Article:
Most of my working life I have been a carer. First, caring for children in residential children’s homes, and then later for my Dad when he was diagnosed with dementia aged 93. I left work to care for my Dad full time as well as for my brother who had mental health issues, and has since sadly passed away.
When I first became a carer I found it very difficult to cope. I had to make all the decisions and take care of everything. It was hard seeing Dad, who had been such an active, independent man, completely in need of my support. I found becoming a carer very tiring, and to begin with I was trying to manage a lot on my own.
My brother helped me by with Dad once a week whilst I did the shopping, but after my brother’s death I suddenly felt very isolated and was unable to leave the house. At that point I decided I needed some help, so I arranged for extra care support. Carers visited each week to help me with Dad, and it was through chatting with them that I found out about Manchester Carers Forum’s support groups, and I began to attend the South Group, as well as an Alzheimer’s group which helped me to find out a little more about dementia. The groups helped me to get to know other carers, and I enjoyed listening to guest speakers who were always a source of useful information – and most importantly I found it gave me a break from my caring role.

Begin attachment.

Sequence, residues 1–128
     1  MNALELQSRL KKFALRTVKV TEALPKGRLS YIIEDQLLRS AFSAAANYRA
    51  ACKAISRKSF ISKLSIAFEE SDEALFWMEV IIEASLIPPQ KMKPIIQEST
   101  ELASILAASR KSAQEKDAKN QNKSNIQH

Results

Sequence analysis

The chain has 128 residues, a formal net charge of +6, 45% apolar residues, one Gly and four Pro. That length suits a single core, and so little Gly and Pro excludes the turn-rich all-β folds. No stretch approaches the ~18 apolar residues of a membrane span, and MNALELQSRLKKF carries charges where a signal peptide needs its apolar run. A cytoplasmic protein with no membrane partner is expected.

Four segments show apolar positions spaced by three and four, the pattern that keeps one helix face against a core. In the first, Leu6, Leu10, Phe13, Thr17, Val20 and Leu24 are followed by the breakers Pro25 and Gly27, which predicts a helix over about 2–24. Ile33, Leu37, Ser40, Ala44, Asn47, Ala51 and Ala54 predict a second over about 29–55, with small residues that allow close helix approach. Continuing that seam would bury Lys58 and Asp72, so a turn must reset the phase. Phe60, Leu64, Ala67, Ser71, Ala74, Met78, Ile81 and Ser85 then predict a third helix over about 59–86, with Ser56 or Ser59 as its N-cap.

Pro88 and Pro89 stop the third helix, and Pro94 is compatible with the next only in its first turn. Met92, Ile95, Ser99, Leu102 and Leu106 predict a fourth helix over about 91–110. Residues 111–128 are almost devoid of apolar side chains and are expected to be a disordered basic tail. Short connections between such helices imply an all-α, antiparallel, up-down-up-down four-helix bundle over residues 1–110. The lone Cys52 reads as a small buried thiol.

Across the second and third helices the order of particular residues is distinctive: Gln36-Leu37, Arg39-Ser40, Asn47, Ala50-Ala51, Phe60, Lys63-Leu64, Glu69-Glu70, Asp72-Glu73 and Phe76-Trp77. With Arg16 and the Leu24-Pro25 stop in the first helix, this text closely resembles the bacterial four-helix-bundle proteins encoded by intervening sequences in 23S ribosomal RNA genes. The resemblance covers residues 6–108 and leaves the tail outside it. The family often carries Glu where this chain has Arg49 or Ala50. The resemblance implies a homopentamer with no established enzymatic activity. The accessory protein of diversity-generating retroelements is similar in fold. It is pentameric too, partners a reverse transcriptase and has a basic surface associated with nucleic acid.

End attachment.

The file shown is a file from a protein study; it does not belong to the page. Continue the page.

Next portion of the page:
Through attending the groups I discovered that my Dad’s dementia was not the same as that experienced by other people. My Dad’s personality did not in fact change very much at all, and I was extremely lucky in that I had a very good relationship with my Dad throughout the period of time I spent caring for him.
Sadly my Dad passed away last year, something I found extremely difficult to come to terms with. I felt as though I had not only lost my Dad, but I had completely lost my daily routine that I had got used to. It felt as though everything just stopped. I missed the friendships I had made with Dad’s carers and although I had no need to be in the house all the time, I’d completely lost my confidence and didn’t know what to do.
As I have no other family, all the friendships I’d made as a carer were through my Dad’s care. To make things worse, I also knew I had to call Manchester Carers Forum and explain that I was no longer a carer, which I was dreading. When I finally made the call, much to my surprise I was told I could keep coming to the group. There was an implicit understanding that I needed the support now, more than ever. I was so grateful to be welcomed to stay at the group and it helped me to feel that I had not lost everything. It really encouraged me and helped me to get things sorted and gradually overcome the huge loss that I felt. As I had always been a carer, I realised I missed the role of supporting someone else. I realised that I would be able to help other carers who had been in my situation and I could signpost to services that I had used or that I knew about. I am really enjoying my role as a volunteer. I enjoy supporting the carers and attending the meetings with the other volunteers. The role is rewarding and I feel my confidence has grown. I look forward to supporting more carers on the project in the future.